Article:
Let us try this thought experiment. Why aren’t our laws more restrictive than they are? Well here’s the answer. “[T]he will of the people is the only legitimate foundation of government” (Thomas Jefferson). So, our Constitution was written with ideals shared by ‘We the People’, it was approved by ‘We the People’, and it can be amended only with the consent of ‘We the People’. And our Constitution created a Republic and guarantees to each state a republican form of government. A republican form of government means that ‘We the People’ are sovereign, and we govern ourselves through our duly elected representatives.
By virtue of our republican form of government, we are empowered, as citizens and communities, to protect our cherished freedoms. So, we have the right to vote, lobby our representatives, speak freely to influence our neighbors, march in the street to draw attention to our cause, and enter associations with others to press our cause more effectively. We also have the right to run for elected office. In this way, we ensure that, at the state and federal level, our freedoms, are protected. You see, it is we, not our judges, who are the prime guarantors of our liberty.
Here’s how our system works. Suppose that California passes a law restricting signs on residential property. Following a legal challenge, the Supreme Court finds that this law is constitutional because California has a sufficiently strong reason for restricting a home owner’s freedom of speech. Does this mean that home owners in Michigan are prohibited from placing such signs on their property? Well no, so long as ‘We the People’ of Michigan have either passed no laws restricting this freedom or passed laws protecting this freedom. Bear in mind that while we cannot limit our rights, we can expand our freedoms beyond them!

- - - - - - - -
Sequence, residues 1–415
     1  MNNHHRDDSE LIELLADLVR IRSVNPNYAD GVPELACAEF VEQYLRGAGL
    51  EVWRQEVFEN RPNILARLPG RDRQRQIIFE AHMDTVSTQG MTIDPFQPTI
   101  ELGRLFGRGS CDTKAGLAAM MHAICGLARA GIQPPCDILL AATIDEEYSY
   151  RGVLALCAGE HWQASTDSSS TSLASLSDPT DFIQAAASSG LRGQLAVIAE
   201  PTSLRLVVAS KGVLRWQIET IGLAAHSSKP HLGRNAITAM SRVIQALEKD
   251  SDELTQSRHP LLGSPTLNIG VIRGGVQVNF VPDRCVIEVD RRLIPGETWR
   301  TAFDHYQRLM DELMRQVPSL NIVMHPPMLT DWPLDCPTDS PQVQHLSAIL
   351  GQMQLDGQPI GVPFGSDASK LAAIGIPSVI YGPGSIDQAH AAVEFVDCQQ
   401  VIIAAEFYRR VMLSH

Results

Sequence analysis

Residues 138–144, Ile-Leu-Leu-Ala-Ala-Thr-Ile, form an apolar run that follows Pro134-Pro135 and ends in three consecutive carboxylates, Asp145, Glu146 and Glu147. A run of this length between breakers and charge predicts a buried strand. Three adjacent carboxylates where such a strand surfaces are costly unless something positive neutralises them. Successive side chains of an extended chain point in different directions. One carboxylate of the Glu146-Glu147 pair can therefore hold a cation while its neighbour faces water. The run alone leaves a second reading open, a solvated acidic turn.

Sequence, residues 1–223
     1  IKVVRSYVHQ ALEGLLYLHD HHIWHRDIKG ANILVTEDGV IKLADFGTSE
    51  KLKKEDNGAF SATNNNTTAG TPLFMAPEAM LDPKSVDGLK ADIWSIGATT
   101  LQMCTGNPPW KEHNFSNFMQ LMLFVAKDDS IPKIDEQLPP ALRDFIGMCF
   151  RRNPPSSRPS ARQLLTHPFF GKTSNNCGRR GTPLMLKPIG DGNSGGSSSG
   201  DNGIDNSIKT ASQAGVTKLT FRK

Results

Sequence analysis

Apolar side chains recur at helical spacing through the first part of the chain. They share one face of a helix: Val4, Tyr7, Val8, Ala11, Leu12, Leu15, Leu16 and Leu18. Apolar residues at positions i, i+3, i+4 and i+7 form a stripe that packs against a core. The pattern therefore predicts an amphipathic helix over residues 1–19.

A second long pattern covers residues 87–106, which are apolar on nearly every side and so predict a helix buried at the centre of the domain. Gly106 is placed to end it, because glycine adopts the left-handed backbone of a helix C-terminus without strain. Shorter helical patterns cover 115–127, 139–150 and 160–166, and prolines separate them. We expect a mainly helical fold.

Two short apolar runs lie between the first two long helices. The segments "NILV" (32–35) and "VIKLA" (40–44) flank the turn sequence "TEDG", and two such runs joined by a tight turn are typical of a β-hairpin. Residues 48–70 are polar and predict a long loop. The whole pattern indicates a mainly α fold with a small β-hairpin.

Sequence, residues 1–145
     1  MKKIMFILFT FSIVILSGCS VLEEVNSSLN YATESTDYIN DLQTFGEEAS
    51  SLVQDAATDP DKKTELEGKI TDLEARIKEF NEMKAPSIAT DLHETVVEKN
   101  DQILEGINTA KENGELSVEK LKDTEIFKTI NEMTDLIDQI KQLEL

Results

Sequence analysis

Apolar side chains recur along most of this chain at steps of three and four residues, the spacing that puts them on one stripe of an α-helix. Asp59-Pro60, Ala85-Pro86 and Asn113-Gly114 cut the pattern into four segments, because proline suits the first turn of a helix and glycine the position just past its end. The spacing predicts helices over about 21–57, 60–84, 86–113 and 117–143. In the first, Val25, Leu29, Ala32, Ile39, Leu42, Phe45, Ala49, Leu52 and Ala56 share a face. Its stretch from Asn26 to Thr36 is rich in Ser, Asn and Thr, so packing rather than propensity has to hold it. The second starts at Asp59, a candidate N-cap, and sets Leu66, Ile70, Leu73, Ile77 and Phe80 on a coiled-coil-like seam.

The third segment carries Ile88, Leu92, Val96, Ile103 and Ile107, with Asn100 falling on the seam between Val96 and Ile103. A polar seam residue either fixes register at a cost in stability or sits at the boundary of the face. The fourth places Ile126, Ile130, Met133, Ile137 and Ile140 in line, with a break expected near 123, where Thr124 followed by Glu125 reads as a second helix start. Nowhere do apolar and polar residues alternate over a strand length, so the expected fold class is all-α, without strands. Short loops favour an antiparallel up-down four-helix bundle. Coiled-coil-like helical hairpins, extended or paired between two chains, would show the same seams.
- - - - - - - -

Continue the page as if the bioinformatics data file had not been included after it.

So, if we wish to protect our freedoms, we should, as our first order of civic duty, participate in the democratic process. We are the guarantors of our own freedom, and if we leave it to the judges, we cease to be a ‘self-governing people.’
Protect Your Rights by Informing Yourself, Pressing Your Case and…Listening!
So, protecting freedom is not so much a legal matter as a political one, and it is our job as citizens to do the hard work that this entails. “Those who expect to reap the blessings of freedom must…undergo the fatigue of supporting it” (Thomas Paine).
To exercise our right of self-determination and protect our freedoms, we must engage in discussion and debate. But, our debate should be informed, and we must remember that rights are not absolute. So, a statute that restricts a cherished freedom does not necessarily violate a constitutional right.
We must also remember that “Freedom has never relied on uniformity of opinion” (President Kennedy). For each of us has an equal interest in “life, liberty and the pursuit of happiness” and your idea about freedom may not be the same as your neighbor’s. So as a state and as a nation, we may have to strike compromises. As President Nixon noted, “We can maintain a free society only if we recognize that in a free society no one can win all the time, no one can have his way all the time, and no one is right all the time.”
Our founders gave us a Republic. It is our job to keep it!